What Education do you Need to be a Physical Therapist?
Qualified physical therapists are an essential part of any professional sports team or organization. Elite professional athletes are surrounded by teams of therapists with different specific qualifications who guide them through their different rehabilitation processes after injury.
The most common form of sports therapist is a physical therapist (also known as a physiotherapist).
Physical therapists are essential at the top levels of sports but they are also essential for the wider general public in their day-to-day lives.
You don’t need to play sports at all to suffer an injury that requires treatment from a physical therapist. If you sit at a computer all day for your job, you’ll likely develop back or shoulder issues that could benefit from physical therapy.
In that instance, you will most likely visit a physical therapist working out of their own clinic. Physical therapists also work out of hospitals to serve patients, out of gyms to serve clients and at amateur sports clubs/schools of various kinds to provide continuous support to players.
No matter where they work, every single qualified physical therapist must have the right education to be active practitioners.
The job opportunities for qualified physical therapists are plentiful because the requirement for them is plentiful which has led to more and more routes to becoming a qualified physical therapist.
How to Become a Physical Therapist
In Ireland, there are specific physical therapy degrees that solely focus on training physiotherapists and nothing else. Those courses are typically four-year, Level 8 BSc degrees. At Portobello Institute, we run a three-year BSc (Hons) Sports Therapy degree course that lands as a Level 8 on the National Framework of qualifications.
Our Sports therapy degree is broader than a physiotherapy specific course despite being one year shorter in length. It sets you up to pursue a broader range of therapy qualifications after graduation. Furthermore, not only that, it also allows you to attain a Level 9 masters in Physiotherapy over the same four-year period that it would take to earn a Level 8 BSc in Physiotherapy at other colleges.
If you follow the Portobello route this year, you could graduate with your masters in Physiotherapy by 2025. If you follow another college’s route, you won’t start studying for your masters until 2025.
While offering a broader curriculum in our Sports Therapy degree, we still don’t overwork our students.
Blended Learning allows students to spend a substantial amount of time learning from home. Student feedback has informed us that the scheduling at Portobello is hugely valuable for working part time, spending time with your family or enjoying a social life without being overstretched. Portobello has achieved this perfect balance between a life and an education by cutting out the fat in its modules that other courses use to stretch three-year courses into four-year courses.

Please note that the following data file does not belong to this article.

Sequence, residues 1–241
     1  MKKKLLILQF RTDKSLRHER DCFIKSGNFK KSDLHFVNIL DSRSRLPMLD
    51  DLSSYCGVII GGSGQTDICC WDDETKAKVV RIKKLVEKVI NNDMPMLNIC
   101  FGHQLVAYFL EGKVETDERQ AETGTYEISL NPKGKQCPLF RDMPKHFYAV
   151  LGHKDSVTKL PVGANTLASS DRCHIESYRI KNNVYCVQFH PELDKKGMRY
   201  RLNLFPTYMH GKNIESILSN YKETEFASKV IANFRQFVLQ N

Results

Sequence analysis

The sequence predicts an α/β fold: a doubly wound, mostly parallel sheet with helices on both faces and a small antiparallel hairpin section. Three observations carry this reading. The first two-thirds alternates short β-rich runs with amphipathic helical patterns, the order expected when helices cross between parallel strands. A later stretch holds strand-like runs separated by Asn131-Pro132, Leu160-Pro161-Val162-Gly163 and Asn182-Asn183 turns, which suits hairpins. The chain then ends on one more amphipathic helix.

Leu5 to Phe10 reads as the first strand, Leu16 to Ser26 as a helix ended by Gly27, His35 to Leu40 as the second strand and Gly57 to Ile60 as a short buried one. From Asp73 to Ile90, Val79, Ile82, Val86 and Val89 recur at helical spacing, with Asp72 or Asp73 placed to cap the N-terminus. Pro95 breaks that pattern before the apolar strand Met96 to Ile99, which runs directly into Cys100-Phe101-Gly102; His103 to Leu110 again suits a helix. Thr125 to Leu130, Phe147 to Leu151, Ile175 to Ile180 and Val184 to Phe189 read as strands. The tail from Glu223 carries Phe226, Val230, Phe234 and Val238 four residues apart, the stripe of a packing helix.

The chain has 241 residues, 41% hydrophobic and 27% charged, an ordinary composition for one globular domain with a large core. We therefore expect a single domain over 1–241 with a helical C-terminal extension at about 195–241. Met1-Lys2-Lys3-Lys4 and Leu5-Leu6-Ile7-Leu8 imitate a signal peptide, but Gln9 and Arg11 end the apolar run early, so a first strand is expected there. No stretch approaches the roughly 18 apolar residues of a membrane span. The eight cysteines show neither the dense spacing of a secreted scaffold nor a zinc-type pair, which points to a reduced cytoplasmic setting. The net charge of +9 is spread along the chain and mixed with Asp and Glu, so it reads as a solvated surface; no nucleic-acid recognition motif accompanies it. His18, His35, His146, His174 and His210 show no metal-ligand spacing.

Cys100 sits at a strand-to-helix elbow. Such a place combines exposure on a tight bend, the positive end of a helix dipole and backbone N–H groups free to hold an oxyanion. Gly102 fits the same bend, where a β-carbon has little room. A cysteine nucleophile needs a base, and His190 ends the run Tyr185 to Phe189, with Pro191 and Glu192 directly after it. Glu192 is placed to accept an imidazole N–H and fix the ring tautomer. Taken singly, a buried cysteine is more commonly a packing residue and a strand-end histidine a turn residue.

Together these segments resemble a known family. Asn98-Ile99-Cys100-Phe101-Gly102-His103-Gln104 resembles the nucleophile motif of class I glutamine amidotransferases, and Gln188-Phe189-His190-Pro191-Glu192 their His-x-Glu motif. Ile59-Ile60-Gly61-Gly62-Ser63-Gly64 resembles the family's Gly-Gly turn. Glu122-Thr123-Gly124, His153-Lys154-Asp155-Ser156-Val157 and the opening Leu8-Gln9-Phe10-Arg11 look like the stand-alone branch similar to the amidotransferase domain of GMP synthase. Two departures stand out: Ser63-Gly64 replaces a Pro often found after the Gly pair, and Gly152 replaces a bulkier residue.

Feedback from students who have gone through the Portobello route to Physiotherapy have praised the flexibility of their schedules and the lack of “unnecessary modules.”
Portobello’s more efficient curriculum includes such modules as:
Foundations of Sports Therapy (Year 1)
Human Physiology and Training Principles (Year 1)
Sport Rehabilitation (Year 2)
Sports Science Research methods (Year 2)
Advanced Sports Therapy Techniques (Year 3)
Clinical Exercise Physiology (Year 3)
London Metropolitan University is the awarding body for Portobello’s BSc (Hons) Sports Therapy degree. Having an internationally recognized qualification opens up greater opportunities to study or attain employment in other countries.
Dr. Susan Giblin, Portobello’s Head of Sports, delivers the course outline in conjunction with LMU.
You will benefit from work placement opportunities and the Student Sports Clinic. Each student gets their own personal academic tutor for constant support. Having this one-to-one contact has allowed our students to target specific areas they need to improve on or learn more about to advance through their modules.
If you want to learn how to assess, treat and refer athletes for specialist advice and intervention, this is the course for you. You will learn to provide immediate care of injuries and basic life support in a recreational, training and competitive environment.
From understanding how to develop and implement a long-term unique rehabilitation programme to having the practical techniques required for short-term injury treatment, this course prepares you for everything in the career you are pursuing.
For more information on this degree or the wider sports department, you can contact sports department course advisor Johanna Shaw on 01-892-0024 or send her an email at email@example.com. We also have two virtual open evenings coming up on April 21st. You can sign up here for the PE, Coaching and Sports Psychology event at 6:30pm or the Sports Therapy event at 7:30pm.